As a primary-care physician with more than 25 years of experience, one of the most frequent concerns people mention during their appointments with me involves memory. The age of the patient doesn't matter much. I've had people in their 30s ask me, just like I've heard it from people in their 60s and beyond.
Dr. James Aw
Dr. James Aw is the chief medical officer at Medcan, a wellness clinic in downtown Toronto.
Dr. Aw is the Chief Medical Officer of the Medcan Clinic. He oversees the physician team, clinical protocols, medical programs and is involved with strategic research and business development at Medcan. His interests are in occupational, preventive and travel medicine. Dr. Aw is Part Time Faculty in the Division of General Internal Medicine at the Johns Hopkins University in Baltimore, USA. He has over 20 years experience in corporate health and occupational medicine including disability management, critical incident planning, infectious diseases in the workplace, industrial hygiene, wellness and disease management programs. He is currently the medical director for one of North America's largest international financial institutions and previously a senior corporate physician for several large cap companies in the mining, manufacturing, aviation, food and distribution and financial sectors. He is a regular bi-weekly columnist for the National Post and a member of the National Corporate Medical Associates of Memorial Sloan-Kettering Cancer Center in New York. Dr. Aw is also interested in global health initiatives for disadvantaged communities and non-communicable chronic disease prevention programs in rural Kenya.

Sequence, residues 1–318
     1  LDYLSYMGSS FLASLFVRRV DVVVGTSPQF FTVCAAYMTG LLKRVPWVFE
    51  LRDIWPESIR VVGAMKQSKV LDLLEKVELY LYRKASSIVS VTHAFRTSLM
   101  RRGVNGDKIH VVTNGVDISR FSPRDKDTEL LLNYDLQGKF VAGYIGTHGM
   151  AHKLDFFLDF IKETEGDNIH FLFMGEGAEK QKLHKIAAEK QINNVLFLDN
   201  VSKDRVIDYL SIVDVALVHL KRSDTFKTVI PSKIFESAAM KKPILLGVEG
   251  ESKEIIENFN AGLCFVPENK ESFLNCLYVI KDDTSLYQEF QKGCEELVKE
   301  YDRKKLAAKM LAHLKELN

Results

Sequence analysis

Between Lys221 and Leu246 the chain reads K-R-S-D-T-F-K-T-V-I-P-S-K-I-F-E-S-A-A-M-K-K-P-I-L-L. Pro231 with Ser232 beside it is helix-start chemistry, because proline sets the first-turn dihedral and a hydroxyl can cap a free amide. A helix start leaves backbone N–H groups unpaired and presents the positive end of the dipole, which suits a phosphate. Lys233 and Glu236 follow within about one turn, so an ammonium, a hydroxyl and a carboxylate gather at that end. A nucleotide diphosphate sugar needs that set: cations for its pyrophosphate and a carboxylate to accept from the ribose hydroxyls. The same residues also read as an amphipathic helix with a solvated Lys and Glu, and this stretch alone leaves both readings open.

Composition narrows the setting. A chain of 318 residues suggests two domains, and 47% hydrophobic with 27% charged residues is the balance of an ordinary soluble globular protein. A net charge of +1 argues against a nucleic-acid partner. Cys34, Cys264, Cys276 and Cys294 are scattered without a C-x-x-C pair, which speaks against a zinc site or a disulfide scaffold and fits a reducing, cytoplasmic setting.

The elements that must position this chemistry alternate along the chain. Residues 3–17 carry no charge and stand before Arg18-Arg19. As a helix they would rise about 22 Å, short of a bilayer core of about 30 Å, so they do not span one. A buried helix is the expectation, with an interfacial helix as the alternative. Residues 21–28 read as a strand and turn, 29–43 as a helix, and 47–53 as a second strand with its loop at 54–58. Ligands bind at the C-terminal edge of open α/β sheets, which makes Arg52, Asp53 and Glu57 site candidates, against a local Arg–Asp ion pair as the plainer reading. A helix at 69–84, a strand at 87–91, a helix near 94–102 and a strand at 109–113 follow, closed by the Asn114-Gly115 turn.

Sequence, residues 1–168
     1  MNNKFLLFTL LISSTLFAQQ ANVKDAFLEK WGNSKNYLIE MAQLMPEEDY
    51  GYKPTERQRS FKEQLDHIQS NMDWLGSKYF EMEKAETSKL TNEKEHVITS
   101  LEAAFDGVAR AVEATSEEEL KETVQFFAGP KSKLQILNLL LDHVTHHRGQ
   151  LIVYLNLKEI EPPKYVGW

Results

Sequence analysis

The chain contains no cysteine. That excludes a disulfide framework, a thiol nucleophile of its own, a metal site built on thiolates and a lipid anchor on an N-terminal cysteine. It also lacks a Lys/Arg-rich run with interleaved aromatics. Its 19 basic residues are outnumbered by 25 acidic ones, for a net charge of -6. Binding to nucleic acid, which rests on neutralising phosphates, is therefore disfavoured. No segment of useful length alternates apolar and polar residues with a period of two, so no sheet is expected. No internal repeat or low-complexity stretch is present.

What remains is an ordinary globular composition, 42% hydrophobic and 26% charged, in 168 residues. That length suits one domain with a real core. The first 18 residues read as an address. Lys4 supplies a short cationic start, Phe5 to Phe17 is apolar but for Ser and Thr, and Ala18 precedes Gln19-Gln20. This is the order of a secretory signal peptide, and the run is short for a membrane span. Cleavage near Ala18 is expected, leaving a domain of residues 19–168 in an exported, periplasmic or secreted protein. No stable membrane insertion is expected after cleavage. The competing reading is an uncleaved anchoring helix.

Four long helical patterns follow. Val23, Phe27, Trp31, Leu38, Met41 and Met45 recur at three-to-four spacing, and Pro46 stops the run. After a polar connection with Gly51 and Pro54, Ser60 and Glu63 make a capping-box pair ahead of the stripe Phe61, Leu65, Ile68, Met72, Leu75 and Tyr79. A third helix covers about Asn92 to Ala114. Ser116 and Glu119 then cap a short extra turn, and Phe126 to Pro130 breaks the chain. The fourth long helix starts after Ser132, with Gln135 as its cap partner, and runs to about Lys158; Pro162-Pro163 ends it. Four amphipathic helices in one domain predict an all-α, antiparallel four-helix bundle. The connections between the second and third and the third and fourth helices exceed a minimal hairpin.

One of the buzzwords in the medical profession is something called "patient activation." That's the challenge of enlisting regular people in health maintenance. To state it more plainly, it's all about trying to get people interested in saving their own lives. Which seems like it should be pretty easy, doesn't it?
11/03/2016 06:24 EDT
The disparity in cervical cancer mortality is even more stark, according to the database. The disease causes 2.9 deaths per year per 100,000 people here in Canada. The figure is an astonishing seven times that in Kenya, at 21.7 deaths per year per 100,000 people. In fact, in Kenya, cervical cancer is the most frequent cancer among women; in Canada, it's the 13th.
01/20/2016 05:46 EST
If your cholesterol score is proving tricky to lower, and you've tried other methods, then it's possible these drugs can help you. And the next trick? Cutting the costs for these drugs as effectively as the drugs cut cholesterol levels -- solve that, and we'll be that much closer to a revolution in cardiac care.
10/19/2015 05:39 EDT
A thousand dollars per person is a lot of money, and if we all exercised, the potential cost savings to the public system would be enormous. So over the next few weeks, while super-fit people are all over Toronto, and coverage of the Pan Am Games blankets the country, perhaps we can take it all, and Dr. Burton's study, as inspiration -- to get outside, to become a little more active. Because in a country like Canada, where most of our healthcare is provided by government-run insurers, exercise is something we can do to benefit all of us.
07/15/2015 05:32 EDT
Oncology, or the branch of medicine that deals with tumours and cancer, is leading the profession's charge toward precision medicine -- a new approach that places the focus on the individual patient and all the ways that patient is unique.
06/25/2015 06:20 EDT
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